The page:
2. The quality and performance reporting stipulations of the hi-tech act, pay for performance models, comparative effectiveness and evidence based medicine will further demand delivery of the best possible, sustainable patient outcomes at a lower cost, while ensuring a move from the current paper based processes to automated Electronic Health records (EHRs), Health Information Exchanges (HIEs) and interoperable IT systems to assure transparency and higher levels of accuracy and efficiency.

Opportunities and Solutions enabled by Business and IT Innovation:

1. Hospital providers and small physicians’ offices will need to implement and adopt Electronic Health records (EHRs) and Health Information Exchanges (HIEs) with demonstrable “meaningful usage” by 2013 or face penalties by way of reduced Medicare reimbursements. While many providers will perceive this as a significant and onerous burden, the visionaries will actually leverage their early adoption and performance reporting as a competitive differentiator to secure patient mindshare and loyalty.

2. Visionary CIOs in industry leading providers are currently testing pay-for-performance models enabled by analytics and performance management software that enables CXOs to monitor, measure, analyze and improve performance based on outcomes rather than procedures, for the very first time. Analysis of variances in outcomes across physicians for the same therapeutic area and treatment and causal analysis there of, can be anticipated to drive us towards a true comparative effectiveness and evidence based model, going forward. This initially will meet significant resistance and will demand appropriate change management to institutionalize these. As well, leveraging similar sophisticated analytics and process improvement paradigms like Lean and Six-Sigma can enable CXOs and hospital administrators to improve performance per function and department while potentially driving up productivity and margins while ensuring superior therapeutic outcomes at a lower total cost of delivery (TCD). As well, the advent of “pay-for-performance” and evidence based outcomes may actually accelerate the drive towards targeted treatment and personalized medicine (see my earlier blogpost – ‘Personalized Medicine: The Time is Now – Are we there yet?’) vs. the one size fits all paradigm currently prevalent.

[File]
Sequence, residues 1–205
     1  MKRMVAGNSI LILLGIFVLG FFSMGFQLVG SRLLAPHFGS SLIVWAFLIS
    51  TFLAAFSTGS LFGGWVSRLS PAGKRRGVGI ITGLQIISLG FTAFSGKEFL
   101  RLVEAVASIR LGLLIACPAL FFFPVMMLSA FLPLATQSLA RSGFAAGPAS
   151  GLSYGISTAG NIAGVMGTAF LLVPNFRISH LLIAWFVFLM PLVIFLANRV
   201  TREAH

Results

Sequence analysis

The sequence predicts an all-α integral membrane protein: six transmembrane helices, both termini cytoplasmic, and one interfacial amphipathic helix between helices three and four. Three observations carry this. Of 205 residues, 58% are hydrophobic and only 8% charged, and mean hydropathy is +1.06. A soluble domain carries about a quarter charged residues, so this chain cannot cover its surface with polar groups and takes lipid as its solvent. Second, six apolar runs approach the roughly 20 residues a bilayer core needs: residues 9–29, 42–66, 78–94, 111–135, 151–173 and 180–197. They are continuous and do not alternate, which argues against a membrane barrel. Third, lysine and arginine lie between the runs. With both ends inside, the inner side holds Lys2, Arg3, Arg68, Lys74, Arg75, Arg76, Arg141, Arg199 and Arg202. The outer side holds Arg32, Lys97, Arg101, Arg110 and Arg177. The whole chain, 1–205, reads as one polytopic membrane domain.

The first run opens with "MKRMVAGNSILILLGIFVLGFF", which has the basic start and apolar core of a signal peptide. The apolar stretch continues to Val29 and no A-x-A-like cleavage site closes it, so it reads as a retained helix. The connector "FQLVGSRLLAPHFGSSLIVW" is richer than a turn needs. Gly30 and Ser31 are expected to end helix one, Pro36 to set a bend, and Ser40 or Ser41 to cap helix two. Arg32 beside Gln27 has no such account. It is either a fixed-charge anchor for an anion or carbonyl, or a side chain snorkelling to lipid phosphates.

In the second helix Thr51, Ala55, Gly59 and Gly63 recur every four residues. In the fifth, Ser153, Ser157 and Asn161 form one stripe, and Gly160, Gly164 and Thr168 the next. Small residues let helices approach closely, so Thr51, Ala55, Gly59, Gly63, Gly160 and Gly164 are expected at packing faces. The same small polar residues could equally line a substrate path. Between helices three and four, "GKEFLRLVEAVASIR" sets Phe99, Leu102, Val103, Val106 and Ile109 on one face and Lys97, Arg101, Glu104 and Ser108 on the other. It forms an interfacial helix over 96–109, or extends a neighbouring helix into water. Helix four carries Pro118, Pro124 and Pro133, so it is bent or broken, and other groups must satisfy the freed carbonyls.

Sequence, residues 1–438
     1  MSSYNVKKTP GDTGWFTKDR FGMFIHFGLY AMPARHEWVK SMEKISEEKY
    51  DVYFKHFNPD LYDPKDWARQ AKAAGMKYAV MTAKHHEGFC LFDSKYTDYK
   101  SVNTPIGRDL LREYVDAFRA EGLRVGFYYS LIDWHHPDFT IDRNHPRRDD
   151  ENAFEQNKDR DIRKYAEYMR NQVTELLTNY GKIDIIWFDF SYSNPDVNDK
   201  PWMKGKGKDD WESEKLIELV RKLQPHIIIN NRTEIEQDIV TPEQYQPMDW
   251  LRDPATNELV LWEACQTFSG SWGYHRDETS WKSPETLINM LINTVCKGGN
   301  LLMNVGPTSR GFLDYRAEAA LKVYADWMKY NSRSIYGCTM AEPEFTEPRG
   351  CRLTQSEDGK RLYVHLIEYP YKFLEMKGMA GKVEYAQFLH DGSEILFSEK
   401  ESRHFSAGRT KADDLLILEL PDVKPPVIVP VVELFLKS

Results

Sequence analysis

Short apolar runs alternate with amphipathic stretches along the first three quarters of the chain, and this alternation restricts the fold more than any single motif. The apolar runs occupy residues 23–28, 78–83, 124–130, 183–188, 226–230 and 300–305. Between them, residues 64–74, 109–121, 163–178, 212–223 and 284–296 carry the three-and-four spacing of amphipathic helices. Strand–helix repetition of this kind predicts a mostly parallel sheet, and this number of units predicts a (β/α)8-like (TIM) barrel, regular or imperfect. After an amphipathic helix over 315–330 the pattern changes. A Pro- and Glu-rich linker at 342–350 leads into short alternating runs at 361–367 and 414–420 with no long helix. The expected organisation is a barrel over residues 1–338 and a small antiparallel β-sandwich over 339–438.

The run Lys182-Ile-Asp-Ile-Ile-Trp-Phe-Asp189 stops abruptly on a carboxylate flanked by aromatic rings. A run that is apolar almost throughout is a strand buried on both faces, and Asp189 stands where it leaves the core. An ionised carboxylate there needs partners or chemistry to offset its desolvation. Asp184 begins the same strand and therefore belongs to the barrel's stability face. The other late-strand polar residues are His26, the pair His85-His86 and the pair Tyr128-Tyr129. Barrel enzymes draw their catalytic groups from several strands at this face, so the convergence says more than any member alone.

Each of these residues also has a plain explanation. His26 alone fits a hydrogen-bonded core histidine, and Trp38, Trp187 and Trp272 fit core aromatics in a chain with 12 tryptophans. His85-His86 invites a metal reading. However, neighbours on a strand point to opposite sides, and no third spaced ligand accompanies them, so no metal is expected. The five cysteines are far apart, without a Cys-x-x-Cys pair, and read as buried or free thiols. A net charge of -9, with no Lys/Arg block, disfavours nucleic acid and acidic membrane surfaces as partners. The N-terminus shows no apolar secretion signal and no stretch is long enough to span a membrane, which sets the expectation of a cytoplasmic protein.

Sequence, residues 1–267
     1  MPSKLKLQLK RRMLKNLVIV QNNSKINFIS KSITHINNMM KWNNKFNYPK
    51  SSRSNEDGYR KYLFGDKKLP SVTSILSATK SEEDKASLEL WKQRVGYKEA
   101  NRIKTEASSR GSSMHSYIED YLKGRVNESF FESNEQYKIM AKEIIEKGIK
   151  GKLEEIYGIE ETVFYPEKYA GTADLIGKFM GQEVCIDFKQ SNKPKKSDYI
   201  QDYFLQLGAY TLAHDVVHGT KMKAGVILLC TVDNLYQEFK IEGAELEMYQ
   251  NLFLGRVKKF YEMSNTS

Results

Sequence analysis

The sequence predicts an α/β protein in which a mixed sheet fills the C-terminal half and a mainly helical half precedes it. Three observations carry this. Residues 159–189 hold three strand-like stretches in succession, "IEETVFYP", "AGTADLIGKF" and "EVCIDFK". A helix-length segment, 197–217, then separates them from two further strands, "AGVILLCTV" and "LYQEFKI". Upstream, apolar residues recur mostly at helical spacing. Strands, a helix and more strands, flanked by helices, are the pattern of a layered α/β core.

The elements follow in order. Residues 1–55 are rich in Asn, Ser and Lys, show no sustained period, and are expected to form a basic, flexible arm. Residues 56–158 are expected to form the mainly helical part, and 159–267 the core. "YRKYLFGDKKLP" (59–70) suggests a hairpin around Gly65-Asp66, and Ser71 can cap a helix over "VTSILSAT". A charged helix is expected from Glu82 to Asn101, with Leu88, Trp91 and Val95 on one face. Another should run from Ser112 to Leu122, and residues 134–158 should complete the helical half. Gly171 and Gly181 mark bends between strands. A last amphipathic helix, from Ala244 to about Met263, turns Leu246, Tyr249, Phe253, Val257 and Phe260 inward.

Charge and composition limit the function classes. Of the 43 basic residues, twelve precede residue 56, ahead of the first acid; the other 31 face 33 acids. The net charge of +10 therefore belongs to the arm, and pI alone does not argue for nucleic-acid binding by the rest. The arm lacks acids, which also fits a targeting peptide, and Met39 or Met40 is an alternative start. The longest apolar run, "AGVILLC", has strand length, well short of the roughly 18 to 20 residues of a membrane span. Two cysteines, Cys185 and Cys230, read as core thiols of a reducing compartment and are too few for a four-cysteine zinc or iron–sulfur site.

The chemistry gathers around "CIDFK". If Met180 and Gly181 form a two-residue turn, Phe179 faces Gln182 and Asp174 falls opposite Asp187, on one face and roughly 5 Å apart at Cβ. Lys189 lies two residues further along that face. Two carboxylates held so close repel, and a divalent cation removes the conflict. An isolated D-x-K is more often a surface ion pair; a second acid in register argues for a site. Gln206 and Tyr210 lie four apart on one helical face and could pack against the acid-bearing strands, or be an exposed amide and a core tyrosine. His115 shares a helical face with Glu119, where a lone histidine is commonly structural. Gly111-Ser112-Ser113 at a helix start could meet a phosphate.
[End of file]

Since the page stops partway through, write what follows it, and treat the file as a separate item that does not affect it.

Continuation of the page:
3. The advent of wellness and disease management programs and IT enablement will also enable providers to extend the “continuum of care” from the context of the four walls of the hospital to the patient’s home, and potentially provide additional and highly lucrative revenue streams and also assure reinforcement of the relationship with patients. This also holds significant promise in terms of assuring higher quality of care and diagnosis delivered within the context of “the medical home”, especially for seniors and multi-morbid patients thru leverage of video conferencing, remote monitoring,telemedicine, medical devices etc.

Employers:

Challenges and Implications:

1. Employers (who currently pay for almost 40% of all insurance coverage in the US) will potentially face higher increases in insurance coverage for employees for the next 2-3 years given the additional insurance coverage of the currently uninsured. Passing on some of the costs to employees has been the norm for many employers, and is anticipated to continue.

2. Businesses are not required to offer coverage. Instead, employers are hit with a fee if the government subsidizes their workers’ coverage. The $2,000-per-employee fee would be assessed on the company’s entire work force, minus an allowance. Companies with 50 or fewer workers are exempt from the requirement. Part-time workers are included in the calculations, counting two part-timers as one full-time worker. it is anticipated that smaller employers especially in low margin industries may explore the tradeoffs of paying penalties for non-coverage of their employees against the higher costs of insuring them especially if this is perceived to be economically unviable and unsustainable.

Opportunities and Solutions enabled by Business and IT Innovation:

1. It is anticipated that larger employers especially in high margin industries may start to leverage “health and wellness” as a tangible reward, thru the award of screening (like the Copper Clinic) wellness and disease management programs in collaboration with their health plans, to drive down their total cost of health insurance. Many companies have already instituted similar plans leveraging personal health records (PHRs) like Microsoft’s, Google’s and Dossia’s platforms coupled with wellness and care management programs leveraging tools like Keas, for education and improved employee health and maintenance thereof.

Health Insurance Payers:

Challenges and Implications:

1. Almost everyone will need to have health insurance or pay a fine, per the stipulation of the Patient Protection and Affordable Care Act (PPACA) of 2010. Expands the federal-state Medicaid insurance program for the poor to cover people with incomes up to 133 percent of the federal poverty level, $29,327 a year for a family of four. Childless adults would be covered for the first time, starting in 2014. The federal government would pay 100 percent of the tab for covering newly eligible individuals through 2016.